If you're currently funemployed, leaving the house is your #1 priority every day to get that dose of reality (also: it forces you to have a shower). After my redundancy, I started to feel depressed at home thinking ‘I’m not employable’. It was super helpful to create some fake deadlines like ‘today I have to get some milk, grab a coffee and say hello to another human’. It got me showered, dressed and by the time I got out the door, I remembered there was another world out there.

If your ego, or mortgage repayments are freaking you out about potentially leaving your job, ask yourself how much it actually takes to run You, Inc. How much would you need to cover costs for say, three months, while you give yourself the headspace to land (and present with confidence) a job that is more your flavour? 


If your work culture is ace, but the work isn't stretching you, guess what: it's your job to tell your manager and their job to help you. If they're responsive, outline what skills you'd like to flex more regularly and outline how those skills would benefit the company. Then ask: what scope is there for me to do more of this?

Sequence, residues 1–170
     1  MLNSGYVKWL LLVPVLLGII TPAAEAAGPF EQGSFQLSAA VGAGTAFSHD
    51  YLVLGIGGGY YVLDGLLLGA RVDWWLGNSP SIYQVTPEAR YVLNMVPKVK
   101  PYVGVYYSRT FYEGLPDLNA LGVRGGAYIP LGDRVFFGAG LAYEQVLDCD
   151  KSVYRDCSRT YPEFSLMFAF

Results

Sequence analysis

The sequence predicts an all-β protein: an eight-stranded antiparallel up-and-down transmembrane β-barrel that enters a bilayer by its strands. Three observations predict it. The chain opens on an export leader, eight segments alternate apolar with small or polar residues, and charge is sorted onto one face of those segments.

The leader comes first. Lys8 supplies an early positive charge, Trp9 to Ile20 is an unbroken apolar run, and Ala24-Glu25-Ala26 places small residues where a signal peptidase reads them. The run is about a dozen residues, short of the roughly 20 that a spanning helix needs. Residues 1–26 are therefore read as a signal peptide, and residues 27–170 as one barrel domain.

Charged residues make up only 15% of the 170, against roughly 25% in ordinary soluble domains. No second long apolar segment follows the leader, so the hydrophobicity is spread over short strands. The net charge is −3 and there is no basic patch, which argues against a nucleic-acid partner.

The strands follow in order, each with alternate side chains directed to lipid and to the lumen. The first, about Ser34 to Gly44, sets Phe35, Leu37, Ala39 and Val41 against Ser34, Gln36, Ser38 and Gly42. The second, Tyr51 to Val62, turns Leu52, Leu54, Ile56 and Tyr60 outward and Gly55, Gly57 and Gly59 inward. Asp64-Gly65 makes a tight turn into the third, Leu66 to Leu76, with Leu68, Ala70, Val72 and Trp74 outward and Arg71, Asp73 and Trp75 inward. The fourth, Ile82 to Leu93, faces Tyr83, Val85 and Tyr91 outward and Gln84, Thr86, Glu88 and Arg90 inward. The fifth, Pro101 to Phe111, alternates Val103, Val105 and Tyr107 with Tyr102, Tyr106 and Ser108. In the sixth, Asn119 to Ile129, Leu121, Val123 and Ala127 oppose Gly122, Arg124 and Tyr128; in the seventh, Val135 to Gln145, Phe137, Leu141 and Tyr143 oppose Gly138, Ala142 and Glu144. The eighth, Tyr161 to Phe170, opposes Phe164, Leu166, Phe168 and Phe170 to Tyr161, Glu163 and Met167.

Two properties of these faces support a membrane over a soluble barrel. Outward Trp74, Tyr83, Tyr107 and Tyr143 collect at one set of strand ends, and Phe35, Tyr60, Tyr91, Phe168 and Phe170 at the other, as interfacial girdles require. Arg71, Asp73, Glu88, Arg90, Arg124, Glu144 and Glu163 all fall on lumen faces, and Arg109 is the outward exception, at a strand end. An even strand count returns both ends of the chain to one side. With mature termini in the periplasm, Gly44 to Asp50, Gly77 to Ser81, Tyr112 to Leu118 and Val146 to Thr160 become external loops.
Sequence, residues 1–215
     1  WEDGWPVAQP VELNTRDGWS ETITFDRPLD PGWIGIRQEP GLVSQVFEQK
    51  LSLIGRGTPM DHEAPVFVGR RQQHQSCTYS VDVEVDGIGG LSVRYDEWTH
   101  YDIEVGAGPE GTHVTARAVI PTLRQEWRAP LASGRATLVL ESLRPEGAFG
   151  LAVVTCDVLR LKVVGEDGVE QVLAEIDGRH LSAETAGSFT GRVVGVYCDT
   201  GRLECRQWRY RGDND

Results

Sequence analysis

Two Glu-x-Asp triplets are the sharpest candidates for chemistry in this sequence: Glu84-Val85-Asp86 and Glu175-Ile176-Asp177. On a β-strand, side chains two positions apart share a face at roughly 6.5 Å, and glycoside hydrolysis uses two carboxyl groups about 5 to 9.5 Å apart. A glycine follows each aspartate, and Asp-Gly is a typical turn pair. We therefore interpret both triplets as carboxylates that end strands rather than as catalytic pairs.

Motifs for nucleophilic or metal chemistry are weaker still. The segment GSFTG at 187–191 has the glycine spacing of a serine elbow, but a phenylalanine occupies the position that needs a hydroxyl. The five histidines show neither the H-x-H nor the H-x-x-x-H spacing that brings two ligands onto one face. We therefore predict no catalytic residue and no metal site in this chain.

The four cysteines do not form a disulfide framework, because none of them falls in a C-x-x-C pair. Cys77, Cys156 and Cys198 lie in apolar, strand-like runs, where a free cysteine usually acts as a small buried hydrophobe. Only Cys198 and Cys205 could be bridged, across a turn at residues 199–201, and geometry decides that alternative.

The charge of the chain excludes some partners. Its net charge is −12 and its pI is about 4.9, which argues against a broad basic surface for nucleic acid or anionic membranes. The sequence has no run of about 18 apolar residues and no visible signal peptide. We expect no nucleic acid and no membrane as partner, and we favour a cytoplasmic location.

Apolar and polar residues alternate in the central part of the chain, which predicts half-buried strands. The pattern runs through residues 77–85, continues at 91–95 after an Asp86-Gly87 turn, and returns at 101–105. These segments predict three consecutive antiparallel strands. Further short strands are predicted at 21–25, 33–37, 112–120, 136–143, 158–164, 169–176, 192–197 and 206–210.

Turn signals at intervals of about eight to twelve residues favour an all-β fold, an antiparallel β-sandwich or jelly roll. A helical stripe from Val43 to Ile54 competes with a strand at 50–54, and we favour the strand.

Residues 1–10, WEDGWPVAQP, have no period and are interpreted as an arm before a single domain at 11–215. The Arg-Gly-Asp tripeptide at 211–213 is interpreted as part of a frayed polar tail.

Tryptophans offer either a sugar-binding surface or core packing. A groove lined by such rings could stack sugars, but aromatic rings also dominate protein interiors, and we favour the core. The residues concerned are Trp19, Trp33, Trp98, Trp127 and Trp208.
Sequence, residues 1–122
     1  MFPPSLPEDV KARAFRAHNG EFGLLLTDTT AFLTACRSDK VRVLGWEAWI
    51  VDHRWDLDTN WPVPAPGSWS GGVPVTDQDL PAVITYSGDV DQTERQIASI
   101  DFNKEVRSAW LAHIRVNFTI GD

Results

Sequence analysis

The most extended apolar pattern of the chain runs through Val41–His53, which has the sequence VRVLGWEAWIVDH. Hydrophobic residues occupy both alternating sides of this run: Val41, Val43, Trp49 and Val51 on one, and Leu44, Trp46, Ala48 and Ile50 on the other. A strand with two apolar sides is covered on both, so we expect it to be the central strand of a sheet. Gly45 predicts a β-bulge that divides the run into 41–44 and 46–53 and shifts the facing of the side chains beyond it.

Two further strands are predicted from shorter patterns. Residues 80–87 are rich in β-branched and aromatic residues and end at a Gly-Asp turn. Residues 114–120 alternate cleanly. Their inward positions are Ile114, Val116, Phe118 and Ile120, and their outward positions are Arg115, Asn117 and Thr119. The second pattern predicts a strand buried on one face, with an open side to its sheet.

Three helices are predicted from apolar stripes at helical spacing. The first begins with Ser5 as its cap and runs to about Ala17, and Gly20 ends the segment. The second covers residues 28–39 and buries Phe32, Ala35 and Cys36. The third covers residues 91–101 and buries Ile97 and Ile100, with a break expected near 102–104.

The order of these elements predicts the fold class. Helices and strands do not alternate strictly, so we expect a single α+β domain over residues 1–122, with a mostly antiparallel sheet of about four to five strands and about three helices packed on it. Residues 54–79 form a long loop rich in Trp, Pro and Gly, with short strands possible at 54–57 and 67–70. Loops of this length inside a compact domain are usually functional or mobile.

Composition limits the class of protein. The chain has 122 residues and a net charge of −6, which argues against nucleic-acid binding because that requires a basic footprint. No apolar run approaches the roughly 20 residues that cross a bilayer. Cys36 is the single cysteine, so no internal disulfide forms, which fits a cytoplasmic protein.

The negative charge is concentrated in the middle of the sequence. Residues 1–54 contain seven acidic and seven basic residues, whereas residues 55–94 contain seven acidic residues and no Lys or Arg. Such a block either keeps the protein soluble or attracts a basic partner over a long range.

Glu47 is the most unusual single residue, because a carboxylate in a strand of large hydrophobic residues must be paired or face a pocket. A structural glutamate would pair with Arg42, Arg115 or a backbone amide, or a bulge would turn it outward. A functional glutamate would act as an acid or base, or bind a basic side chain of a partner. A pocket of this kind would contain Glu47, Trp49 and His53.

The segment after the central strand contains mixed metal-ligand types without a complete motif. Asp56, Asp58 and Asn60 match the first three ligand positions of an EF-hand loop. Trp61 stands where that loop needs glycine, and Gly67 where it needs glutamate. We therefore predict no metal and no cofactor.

It’s not your managers job to create your career path, it’s your job to tell them what you need to succeed.

A fun trick I learned from Radical Candor is to map out three dreams and then outline below the skills you need to obtain those dreams. For example you might have a dream to become a veggie patch farmer, a yoga instructor or a dream to run your own company. What skills do you need to fill to get there? How could you obtain those skills on your current salary without the risk?

Talk more about what you want to do more of (it's ok if you don't know what that is).